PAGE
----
Fly with the principle of “meaningful collaboration for mutual benefit”

Being part of a trustworthy and knowledgeable team is a great way to get more research done. My best advice when working with collaborators is to clarify expectations, roles and responsibilities early on. The biggest mess-ups come from mismatched expectations. Working with others is also a great way to increase accountability. It is difficult to miss a deadline if you know five others are waiting for your task to be completed. Where you are in charge, choose your collaborators according to the contribution that they can make towards the project (meaningful collaboration) and ensure that both the project and collaborator benefit from their contribution (mutual benefit).

In addition to building your own winning team, you can also join an existing research group. This will aid your development while you contribute to knowledge creation. Be aware that you need some first-author papers for career advancement or promotion. So don’t find yourself in the backseat of too many projects; jump into the driving seat where you can.

Encourage postgraduate students to publish

It is important not only to disseminate our own projects but also to encourage others to disseminate their work. Make the postgraduate students under your supervision aware of the expectation to publish their work early on in their postgraduate journeys. Doctoral students can publish as they complete the various phases (depending on the nature of the project). Masters students may not have the time to publish during the course of their studies but can have a draft of a paper ready by the time they submit their research project for examination, which they can then refine while they await the examination outcome. The above, of course, also depends on your institution's policies when it comes to publishing postgraduate projects.

Many postgraduate students are new to the publication process. This “Publishing your Research”  Playlist on the Research Masterminds Youtube channel will guide them step by step through putting together the first draft of a publication.

Keep writing tasks top-of-mind

Create time in your calendar for publication writing; weekly, if daily, is not possible. Here, an accountability partner will come in handy. Arrange writing retreats or join existing writing retreats arranged by your institution. If you scheduled two hours for research and something unforeseen eats away an hour and a half, use the left-over 30 minutes, even if you are just doing an outline of your abstract in that time. In 2020, when lockdown regulations restructured our entire work setup, I created this quote to help me move forward one small step at a time: “Marginal gains persistently lead to high impact consistently”. That half an hour, even though it feels like it is not enough, is half an hour closer to getting your paper to the hands of the editor.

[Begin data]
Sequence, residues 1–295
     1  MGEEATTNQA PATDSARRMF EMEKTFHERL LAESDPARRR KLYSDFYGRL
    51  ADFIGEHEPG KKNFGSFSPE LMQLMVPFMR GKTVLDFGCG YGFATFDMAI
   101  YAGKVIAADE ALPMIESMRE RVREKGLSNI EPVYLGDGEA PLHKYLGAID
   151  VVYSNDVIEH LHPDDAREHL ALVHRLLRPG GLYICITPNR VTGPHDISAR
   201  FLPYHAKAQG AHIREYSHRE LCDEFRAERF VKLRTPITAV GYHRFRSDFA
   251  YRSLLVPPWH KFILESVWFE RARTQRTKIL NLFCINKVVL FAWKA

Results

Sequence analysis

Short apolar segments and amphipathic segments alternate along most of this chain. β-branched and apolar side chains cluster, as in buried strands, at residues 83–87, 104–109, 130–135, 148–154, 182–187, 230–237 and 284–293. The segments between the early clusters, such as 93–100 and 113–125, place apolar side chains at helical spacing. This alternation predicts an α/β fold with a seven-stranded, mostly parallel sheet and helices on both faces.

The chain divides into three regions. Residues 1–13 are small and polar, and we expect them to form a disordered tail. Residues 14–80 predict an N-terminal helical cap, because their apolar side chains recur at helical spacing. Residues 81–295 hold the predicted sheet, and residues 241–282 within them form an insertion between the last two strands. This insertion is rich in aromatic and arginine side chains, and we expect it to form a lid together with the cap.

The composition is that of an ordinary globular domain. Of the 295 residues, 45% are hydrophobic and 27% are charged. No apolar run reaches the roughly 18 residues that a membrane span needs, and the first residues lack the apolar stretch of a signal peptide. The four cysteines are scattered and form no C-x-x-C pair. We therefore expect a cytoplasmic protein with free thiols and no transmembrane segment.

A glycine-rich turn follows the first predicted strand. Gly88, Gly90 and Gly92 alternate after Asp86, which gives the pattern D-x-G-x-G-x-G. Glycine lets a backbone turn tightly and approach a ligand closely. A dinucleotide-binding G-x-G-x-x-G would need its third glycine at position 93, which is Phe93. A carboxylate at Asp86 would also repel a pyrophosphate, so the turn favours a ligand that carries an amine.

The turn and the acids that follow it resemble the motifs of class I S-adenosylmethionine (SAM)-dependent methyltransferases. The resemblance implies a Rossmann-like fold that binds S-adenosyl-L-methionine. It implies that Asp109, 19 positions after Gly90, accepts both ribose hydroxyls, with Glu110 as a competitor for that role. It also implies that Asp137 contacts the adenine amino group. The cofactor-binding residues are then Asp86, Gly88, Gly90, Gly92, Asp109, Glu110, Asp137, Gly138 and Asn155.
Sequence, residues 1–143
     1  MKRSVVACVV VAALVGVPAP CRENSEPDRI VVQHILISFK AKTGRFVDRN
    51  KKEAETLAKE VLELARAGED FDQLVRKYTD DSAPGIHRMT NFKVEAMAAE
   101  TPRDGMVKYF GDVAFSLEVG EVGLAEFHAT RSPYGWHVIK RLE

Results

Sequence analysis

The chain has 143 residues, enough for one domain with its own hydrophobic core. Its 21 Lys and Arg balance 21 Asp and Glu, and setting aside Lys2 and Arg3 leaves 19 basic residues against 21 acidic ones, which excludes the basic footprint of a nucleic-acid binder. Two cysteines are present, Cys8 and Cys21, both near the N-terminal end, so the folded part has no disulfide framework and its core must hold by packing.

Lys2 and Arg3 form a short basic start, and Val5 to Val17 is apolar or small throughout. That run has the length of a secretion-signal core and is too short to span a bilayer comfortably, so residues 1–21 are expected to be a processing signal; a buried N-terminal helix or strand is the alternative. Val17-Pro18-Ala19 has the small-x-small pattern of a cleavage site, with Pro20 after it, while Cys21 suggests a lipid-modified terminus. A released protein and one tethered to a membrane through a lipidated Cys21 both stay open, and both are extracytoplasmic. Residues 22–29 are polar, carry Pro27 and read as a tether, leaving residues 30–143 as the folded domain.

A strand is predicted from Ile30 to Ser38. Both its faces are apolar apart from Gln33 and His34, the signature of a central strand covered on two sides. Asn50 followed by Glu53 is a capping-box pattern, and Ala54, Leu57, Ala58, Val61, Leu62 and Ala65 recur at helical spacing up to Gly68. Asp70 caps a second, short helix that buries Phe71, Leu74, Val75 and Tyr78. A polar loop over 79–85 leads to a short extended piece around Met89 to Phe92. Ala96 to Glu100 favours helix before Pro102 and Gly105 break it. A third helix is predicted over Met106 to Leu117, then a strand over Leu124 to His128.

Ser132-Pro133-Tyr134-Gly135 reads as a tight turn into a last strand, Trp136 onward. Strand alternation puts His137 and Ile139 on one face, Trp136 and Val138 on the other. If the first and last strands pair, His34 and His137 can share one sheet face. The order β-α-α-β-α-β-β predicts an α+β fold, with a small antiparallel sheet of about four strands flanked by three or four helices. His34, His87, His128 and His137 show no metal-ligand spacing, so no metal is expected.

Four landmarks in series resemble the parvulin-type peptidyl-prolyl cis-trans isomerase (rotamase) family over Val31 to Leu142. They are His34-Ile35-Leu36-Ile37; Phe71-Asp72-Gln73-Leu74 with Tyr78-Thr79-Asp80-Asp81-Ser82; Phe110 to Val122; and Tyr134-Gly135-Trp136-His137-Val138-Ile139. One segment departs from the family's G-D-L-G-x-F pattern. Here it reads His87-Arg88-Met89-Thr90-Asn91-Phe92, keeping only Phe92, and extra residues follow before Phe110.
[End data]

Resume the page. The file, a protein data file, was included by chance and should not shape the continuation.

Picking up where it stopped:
Free yourself up where reasonable and possible

Many of us are appointed in academic positions with teaching, research and service components that form part of our job descriptions. If this is your reality, you need to balance your contribution to the research, teaching and service domains. Use the resources provided to you to relieve yourself from some of the activities that pull you away from your research writing desk, such as funding available for teaching relief or other resources within your institution. You can still excel in the research journey while enjoying the variation that teaching and service pillars bring.

Make your life easier

Some things we do over and over without putting simple systems in place to avoid future repetition. Here are a few examples:

  • Have a list of reputable and appropriate journals at hand. When you search for a journal or “home” for your research, note down important information, such as whether it is open access or if they ask for article processing charges. Add to this list each time you come across a new journal. This will help you avoid going through this process whenever you want to submit a new paper to a journal in your field.

  • How often have you searched for a website URL that you recently used? You can see the home page in your mind’s eye but can’t remember what it's called. Bookmarking that website in your browser will help you access it within a few seconds when you need it again. I have put together a bookmarks folder with all kinds of useful academic bookmarks for a Chrome browser, should you want to check them out. On the ResearchMasterminds.com homepage, scroll down to the section “A Gift from One Academic to Another” – you’ll find the bookmarks folder as well as a few other gifts. While you are at it, there are also a whole bunch of other tools to make your life easier so that you can use your time on more tactical tasks.

  • Also, use AI where you can. There are many ways in which AI can make your life easier in a legal, ethical and moral way. This AI for Researchers Playlist on the Research Masterminds YouTube channel will tell you more. 

Publishing will ensure that precious research findings can potentially reach those who can use them. In order to publish, we need to work strategically with our resources, plan well, and get more done with less.

Most importantly, create impact, keep the balance, and stay happy!

 Cover photo by Pixabay